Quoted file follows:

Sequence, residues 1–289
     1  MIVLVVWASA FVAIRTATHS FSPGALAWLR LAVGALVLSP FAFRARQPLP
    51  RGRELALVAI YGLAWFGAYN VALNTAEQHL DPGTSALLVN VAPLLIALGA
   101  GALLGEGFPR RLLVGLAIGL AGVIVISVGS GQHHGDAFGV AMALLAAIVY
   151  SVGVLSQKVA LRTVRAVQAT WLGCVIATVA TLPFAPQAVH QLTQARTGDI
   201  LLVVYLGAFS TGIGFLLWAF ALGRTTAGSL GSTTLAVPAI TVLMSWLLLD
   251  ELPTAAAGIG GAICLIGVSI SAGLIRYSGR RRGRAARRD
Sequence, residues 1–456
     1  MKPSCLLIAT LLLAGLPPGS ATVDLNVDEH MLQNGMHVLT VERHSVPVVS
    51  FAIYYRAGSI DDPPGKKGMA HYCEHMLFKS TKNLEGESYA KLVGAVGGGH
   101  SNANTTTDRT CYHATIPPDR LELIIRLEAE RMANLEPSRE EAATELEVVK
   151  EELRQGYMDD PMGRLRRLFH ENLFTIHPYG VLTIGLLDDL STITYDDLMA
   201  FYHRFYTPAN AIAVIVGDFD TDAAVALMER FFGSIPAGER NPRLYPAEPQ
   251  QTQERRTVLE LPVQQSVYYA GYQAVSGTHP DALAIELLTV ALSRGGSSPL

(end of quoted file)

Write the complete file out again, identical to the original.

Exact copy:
Sequence, residues 1–289
     1  MIVLVVWASA FVAIRTATHS FSPGALAWLR LAVGALVLSP FAFRARQPLP
    51  RGRELALVAI YGLAWFGAYN VALNTAEQHL DPGTSALLVN VAPLLIALGA
   101  GALLGEGFPR RLLVGLAIGL AGVIVISVGS GQHHGDAFGV AMALLAAIVY
   151  SVGVLSQKVA LRTVRAVQAT WLGCVIATVA TLPFAPQAVH QLTQARTGDI
   201  LLVVYLGAFS TGIGFLLWAF ALGRTTAGSL GSTTLAVPAI TVLMSWLLLD
   251  ELPTAAAGIG GAICLIGVSI SAGLIRYSGR RRGRAARRD
Sequence, residues 1–456
     1  MKPSCLLIAT LLLAGLPPGS ATVDLNVDEH MLQNGMHVLT VERHSVPVVS
    51  FAIYYRAGSI DDPPGKKGMA HYCEHMLFKS TKNLEGESYA KLVGAVGGGH
   101  SNANTTTDRT CYHATIPPDR LELIIRLEAE RMANLEPSRE EAATELEVVK
   151  EELRQGYMDD PMGRLRRLFH ENLFTIHPYG VLTIGLLDDL STITYDDLMA
   201  FYHRFYTPAN AIAVIVGDFD TDAAVALMER FFGSIPAGER NPRLYPAEPQ
   251  QTQERRTVLE LPVQQSVYYA GYQAVSGTHP DALAIELLTV ALSRGGSSPL